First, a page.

Jeff Sanford, managing consultant at Humantech, says ergonomics typically has not received enough consideration by businesses. “You need to manage ergonomics as a process,” just as you would any other system in the organization, he says.
The ergonomics consulting firm suggests that leadership for the ergonomics process should be assigned to engineering or operations, and the reason is simple: Engineering and operations most influence workstation design and equipment. “All sustainable and preferred improvements are engineering controls rather than work- practice controls or administrative controls,” points out James Mallon, Humantech vice president. He and Sanford shared their views during a 2011 online seminar.
One manufacturing company that has recognized the importance of ergonomics is Magna International . In 2007 the automotive supplier launched a robust ergonomics program in North America. The program includes five measurable categories: support infrastructure; analysis and prioritization; implementation and risk reduction; proactive ergonomics; and metrics and communication.
Each category then has five to six criteria elements that outline the specific requirements with which a participating facility must comply. For example, one criterion is that a facility must have an ergonomics committee, and the committee must be led by the engineering manager.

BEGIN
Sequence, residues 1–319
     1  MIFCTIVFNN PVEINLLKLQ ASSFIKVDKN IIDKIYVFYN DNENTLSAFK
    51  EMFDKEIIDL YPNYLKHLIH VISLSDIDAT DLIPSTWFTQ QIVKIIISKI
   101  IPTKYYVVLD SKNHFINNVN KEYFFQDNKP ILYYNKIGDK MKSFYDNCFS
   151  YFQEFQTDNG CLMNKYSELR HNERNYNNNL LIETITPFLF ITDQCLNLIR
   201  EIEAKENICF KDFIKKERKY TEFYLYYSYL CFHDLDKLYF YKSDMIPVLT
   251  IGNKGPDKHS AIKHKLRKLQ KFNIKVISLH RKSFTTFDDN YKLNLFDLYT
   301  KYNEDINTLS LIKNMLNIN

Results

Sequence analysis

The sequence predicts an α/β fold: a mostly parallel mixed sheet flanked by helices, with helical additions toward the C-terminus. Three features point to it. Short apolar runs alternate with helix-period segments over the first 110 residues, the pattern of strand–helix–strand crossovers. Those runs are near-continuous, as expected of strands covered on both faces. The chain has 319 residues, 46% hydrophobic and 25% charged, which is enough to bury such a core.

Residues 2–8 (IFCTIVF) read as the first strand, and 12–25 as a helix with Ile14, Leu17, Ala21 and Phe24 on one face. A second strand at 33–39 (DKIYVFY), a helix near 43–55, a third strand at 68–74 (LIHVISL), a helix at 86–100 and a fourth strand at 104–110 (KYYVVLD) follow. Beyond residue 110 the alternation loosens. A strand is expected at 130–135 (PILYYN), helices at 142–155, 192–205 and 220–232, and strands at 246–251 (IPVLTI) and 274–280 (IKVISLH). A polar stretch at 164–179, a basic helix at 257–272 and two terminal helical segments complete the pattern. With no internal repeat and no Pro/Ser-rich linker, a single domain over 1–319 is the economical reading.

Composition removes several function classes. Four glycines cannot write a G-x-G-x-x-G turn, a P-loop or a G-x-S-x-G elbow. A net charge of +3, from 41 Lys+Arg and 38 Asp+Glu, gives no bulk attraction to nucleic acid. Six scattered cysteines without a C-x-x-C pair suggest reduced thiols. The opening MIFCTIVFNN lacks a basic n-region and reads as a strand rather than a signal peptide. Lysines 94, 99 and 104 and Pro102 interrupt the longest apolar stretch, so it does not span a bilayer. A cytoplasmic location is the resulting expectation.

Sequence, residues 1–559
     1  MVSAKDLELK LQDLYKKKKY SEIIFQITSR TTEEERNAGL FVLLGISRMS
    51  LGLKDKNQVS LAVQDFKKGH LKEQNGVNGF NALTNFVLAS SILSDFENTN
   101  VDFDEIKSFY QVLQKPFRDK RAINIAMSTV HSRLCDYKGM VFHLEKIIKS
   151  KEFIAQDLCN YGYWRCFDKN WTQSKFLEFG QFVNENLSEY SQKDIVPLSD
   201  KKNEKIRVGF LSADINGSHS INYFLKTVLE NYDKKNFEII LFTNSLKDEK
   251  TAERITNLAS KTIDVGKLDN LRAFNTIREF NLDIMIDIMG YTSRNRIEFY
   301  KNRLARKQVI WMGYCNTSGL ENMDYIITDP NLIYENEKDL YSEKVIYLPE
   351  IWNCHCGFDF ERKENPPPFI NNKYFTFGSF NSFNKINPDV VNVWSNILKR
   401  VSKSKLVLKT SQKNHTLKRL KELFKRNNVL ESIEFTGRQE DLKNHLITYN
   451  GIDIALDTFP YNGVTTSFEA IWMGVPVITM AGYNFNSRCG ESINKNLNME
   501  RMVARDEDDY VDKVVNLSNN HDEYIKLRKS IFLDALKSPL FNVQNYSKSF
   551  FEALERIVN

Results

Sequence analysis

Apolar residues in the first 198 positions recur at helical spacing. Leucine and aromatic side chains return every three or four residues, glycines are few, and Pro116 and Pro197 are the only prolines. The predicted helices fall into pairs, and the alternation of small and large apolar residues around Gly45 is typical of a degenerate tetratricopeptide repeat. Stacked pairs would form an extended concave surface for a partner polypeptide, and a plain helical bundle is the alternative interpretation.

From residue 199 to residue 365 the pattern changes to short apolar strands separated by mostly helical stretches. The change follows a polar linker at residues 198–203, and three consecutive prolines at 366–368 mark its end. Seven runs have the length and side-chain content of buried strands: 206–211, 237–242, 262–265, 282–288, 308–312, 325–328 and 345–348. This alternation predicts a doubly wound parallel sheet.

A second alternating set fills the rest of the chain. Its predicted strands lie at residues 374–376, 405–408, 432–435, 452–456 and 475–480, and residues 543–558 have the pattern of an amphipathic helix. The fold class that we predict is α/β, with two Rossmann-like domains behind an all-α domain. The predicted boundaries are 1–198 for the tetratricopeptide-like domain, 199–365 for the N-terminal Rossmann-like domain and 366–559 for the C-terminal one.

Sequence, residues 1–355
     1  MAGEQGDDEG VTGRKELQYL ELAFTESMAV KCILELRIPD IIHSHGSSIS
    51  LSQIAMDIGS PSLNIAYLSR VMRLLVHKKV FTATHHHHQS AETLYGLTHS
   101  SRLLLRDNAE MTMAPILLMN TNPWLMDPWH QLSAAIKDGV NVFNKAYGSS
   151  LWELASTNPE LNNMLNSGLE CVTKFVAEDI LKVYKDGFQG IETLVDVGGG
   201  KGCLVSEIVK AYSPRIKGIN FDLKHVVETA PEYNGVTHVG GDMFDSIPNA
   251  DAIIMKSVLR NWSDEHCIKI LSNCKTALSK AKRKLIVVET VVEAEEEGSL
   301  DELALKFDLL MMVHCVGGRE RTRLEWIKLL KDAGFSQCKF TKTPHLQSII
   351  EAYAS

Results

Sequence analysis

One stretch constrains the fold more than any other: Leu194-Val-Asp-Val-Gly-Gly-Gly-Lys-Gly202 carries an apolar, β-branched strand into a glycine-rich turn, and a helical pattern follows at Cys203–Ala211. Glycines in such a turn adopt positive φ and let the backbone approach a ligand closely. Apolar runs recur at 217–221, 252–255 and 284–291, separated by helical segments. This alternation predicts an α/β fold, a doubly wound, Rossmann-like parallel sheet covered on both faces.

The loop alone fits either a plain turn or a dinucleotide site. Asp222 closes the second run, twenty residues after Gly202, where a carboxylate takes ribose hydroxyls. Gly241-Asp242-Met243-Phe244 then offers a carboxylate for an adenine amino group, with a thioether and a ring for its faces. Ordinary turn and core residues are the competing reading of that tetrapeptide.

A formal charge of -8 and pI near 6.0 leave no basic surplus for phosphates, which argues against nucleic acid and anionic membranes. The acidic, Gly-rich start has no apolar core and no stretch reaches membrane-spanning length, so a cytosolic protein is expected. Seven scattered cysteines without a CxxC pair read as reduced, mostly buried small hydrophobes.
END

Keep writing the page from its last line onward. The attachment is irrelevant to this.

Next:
The ergonomics effort in 2011 grabbed the attention of safety officials in Michigan, where the program has been embraced by 14 Magna International plants. The Michigan Occupational Safety and Health Administration presented Magna with its Ergonomic Innovation Award.
Says Marc Neeb, Magna International executive vice president of human resources: “The program has unquestionably been positive for our organization and specifically our employees through benefits such as reduced injuries and increased productivity and quality.”
It’s no secret the exodus of retirement-age workers and their considerable knowledge is placing a strain on manufacturing companies around the globe. Less discussed, but just as real, are the challenges being presented by aging workers still employed on the manufacturing floor — and the design changes workplaces should be considering to keep these valuable employees productive and in the game.
Lance S. Perry, a senior ergonomist and professional engineer with Zurich Services Corp
Indeed, the average age of a high-skilled U.S. manufacturing worker today is 56, according to the Boston Consulting Group.
“With this shift, we first must appreciate the difference between the younger and aging person, and then make sure we design accordingly so that these differences don’t become an obstacle,” says Perry.